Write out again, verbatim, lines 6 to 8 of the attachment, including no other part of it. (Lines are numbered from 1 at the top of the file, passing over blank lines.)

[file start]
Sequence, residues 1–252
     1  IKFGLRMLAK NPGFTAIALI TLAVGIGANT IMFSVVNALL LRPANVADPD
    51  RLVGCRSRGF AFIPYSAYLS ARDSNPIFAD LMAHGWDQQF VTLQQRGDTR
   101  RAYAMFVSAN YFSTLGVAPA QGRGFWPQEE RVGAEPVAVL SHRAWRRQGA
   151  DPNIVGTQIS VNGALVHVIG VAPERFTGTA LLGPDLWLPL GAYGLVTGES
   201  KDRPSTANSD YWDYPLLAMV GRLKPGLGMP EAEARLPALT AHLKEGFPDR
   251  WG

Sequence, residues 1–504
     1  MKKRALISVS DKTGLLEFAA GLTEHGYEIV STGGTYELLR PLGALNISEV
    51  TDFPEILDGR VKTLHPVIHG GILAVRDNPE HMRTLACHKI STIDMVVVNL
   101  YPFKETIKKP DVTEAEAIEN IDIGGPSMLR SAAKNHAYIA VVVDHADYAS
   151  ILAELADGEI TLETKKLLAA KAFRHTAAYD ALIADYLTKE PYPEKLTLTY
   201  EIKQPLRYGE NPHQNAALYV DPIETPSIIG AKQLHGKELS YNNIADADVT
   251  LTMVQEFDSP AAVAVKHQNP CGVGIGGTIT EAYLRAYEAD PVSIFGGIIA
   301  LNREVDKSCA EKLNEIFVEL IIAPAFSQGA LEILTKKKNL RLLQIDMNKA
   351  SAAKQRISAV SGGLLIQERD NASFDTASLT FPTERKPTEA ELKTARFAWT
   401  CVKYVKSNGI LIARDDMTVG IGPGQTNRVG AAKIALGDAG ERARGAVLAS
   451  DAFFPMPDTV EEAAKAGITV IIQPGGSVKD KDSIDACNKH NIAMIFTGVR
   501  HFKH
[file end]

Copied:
   201  KDRPSTANSD YWDYPLLAMV GRLKPGLGMP EAEARLPALT AHLKEGFPDR
   251  WG

Sequence, residues 1–504